Reliable Wireless Sensor Networks for Future Smart Grid Systems

Energy technologies are of particular importance to the world at large. It is a key driver of the any country’s development and economic growth. Nigeria with a population of over 170 million people can only boast of about 4,500MW generated, and that was briefly, not on a continuous basis. While the Kingdom of Saudi Arabia (KSA) has power generation for the year 2023 estimated at 59,000 megawatts compared with 25,000 megawatts generated in 2001. Furthermore, the electricity sector in the Kingdom faces great challenges in fulfilling the rising demand for electricity consumption that is the foundation for economic and social development. Attempts to find scientific solutions to keep pace with this growing demand in the world at large will necessitate technology transfer and the development of technologies to improve electrical energy generation, transmission, distribution, and utilization.

DrIn today’ s competitive electric utility marketplace in the world, reliable and real-time information become the key factor for reliable delivery of power to the end-users, profitability of the electric utility and customer satisfaction. Equipment failures, generation capacity limitations, lightning strikes, accidents, and natural catastrophes all cause power disturbances and outages and often result in long service interruptions. Given the increasing age of utility grid infrastructure and the increasing electricity demand, intelligent and low-cost utility monitoring and control systems realized by smart micro-sensor devices have become essential to maintain safety, reliability, efficiency, and uptime of such systems. With the evolution of new sensors, embedded intelligence capabilities, and communication platforms, opportunities exist for the development and design of robust and intelligent sensor networks that enable the smart grid applications, such as automatic meter reading, remote system monitoring and control, equipment fault diagnostics, and distribution automation.

Importantly, all these applications would lead to new products, processes and services, improving industrial efficiency and use of sustainable energy resources while providing a competitive edge for the world in the global market place. At the same time, it would ensure the reliability of the electric power infrastructure, helping to improve the daily lives of ordinary citizens. All this makes low cost sensor-network based electric power grid monitoring and control an important element for achieving the largest knowledge-based economy in the world.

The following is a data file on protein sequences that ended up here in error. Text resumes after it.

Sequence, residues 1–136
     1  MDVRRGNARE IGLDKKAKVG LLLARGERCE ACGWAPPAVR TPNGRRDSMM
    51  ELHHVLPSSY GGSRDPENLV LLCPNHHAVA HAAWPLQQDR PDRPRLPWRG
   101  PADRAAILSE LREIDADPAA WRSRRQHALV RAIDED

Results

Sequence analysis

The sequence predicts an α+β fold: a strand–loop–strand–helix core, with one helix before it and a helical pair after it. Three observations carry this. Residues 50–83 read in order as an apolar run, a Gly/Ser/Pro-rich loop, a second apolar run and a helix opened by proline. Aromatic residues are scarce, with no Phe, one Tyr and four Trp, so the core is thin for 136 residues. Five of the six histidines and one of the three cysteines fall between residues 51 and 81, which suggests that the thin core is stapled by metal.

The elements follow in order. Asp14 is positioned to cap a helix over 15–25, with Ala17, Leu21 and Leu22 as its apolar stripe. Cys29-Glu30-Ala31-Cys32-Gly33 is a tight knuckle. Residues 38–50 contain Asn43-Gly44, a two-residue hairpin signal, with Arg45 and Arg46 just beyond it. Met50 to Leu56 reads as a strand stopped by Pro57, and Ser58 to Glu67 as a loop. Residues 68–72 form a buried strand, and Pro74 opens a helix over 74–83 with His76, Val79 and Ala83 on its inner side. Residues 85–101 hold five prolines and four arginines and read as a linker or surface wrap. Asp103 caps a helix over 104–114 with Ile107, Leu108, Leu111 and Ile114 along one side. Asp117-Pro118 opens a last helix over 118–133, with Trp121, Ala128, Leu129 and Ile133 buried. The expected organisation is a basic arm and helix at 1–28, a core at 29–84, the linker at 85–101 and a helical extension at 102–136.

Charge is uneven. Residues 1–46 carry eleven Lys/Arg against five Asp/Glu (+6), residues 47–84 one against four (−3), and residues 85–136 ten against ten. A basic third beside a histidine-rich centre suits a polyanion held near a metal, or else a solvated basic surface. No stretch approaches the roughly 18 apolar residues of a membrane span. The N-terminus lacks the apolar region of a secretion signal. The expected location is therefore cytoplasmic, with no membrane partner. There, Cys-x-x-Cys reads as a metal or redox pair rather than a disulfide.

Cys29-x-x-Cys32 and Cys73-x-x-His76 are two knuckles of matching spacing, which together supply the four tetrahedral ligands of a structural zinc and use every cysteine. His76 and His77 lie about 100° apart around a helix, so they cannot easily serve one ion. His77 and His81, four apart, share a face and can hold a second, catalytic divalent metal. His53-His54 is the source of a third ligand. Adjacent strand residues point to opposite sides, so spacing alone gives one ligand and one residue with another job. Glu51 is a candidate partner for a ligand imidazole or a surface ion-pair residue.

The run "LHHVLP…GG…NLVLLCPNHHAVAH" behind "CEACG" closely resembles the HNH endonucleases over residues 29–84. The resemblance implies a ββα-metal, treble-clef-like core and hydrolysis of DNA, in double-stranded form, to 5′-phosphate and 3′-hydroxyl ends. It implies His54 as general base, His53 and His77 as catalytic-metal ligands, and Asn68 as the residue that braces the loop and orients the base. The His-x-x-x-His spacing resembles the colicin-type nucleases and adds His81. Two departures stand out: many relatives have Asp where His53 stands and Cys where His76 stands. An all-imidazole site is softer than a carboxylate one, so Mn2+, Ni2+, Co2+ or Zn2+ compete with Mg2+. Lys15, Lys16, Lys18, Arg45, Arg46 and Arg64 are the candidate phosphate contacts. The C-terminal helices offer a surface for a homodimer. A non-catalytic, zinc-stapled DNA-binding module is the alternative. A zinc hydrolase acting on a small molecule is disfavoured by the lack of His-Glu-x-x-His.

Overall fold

With its low cost as one of the main advantages, the WSNs provide a feasible and cost-effective sensing and communication solution for the remote system monitoring and diagnostic systems for electric power grid. Efficient monitoring systems constructed by large-scale deployment of smart sensor nodes can provide complete information on the conditions of system components, including generation units, transformers, transmission lines, etc., in a remote, continuous, and online manner. With the real-time system monitoring and system level coordinating controls and protections, a single system contingency in the electric power grid could be detected and isolated, before it causes cascading effects and results more catastrophic system breakdowns.

Overall, this potential research proposal lead by the Advanced Wireless Networking Group of the King Abdulaziz University, Jeddah, Saudi Arabia opens up many theoretical and practical research possibilities in wireless sensor networks and their applications to electric power systems.

Unlike existing work, the proposed Spectrum-Aware and Cross-Layer Communication (SCC) framework will consider all the unique channel characteristics of harsh electric power system environments simultaneously, while dynamically adapting its protocol configurations.

Further reading can be found in the Publications

1. C. Eris, M. Saimler, V. C. Gungor, E. A. Fadel, I. F. Akyildiz “Lifetime analysis of wireless sensor nodes in different smart grid environments”, ACM-Springer Journal of Wireless Networks (WINET), pp. 2053-2062, 2014. [ACM Link]

2. Gutierrez-Estevez, D. M., Akyildiz, I. F., and Fadel E. A. “Spatial Coverage Cross-Tier Correlation Analysis for Heterogeneous Cellular Networks”, IEEE Transactions on Vehicular Technology, vol.63, no.8, pp. 3917-3926, October 2014. [PDF]

3. Melike Yigit, V. Cagri Gungor, Gurkan Tuna, Maria Rangoussi, Etimad Fadel “Power line communication technologies for smart grid applications: A review of advances and challenges”, Computer Networks, Vol. 70, pp. 366–383, September 2014. [Science Direct Link]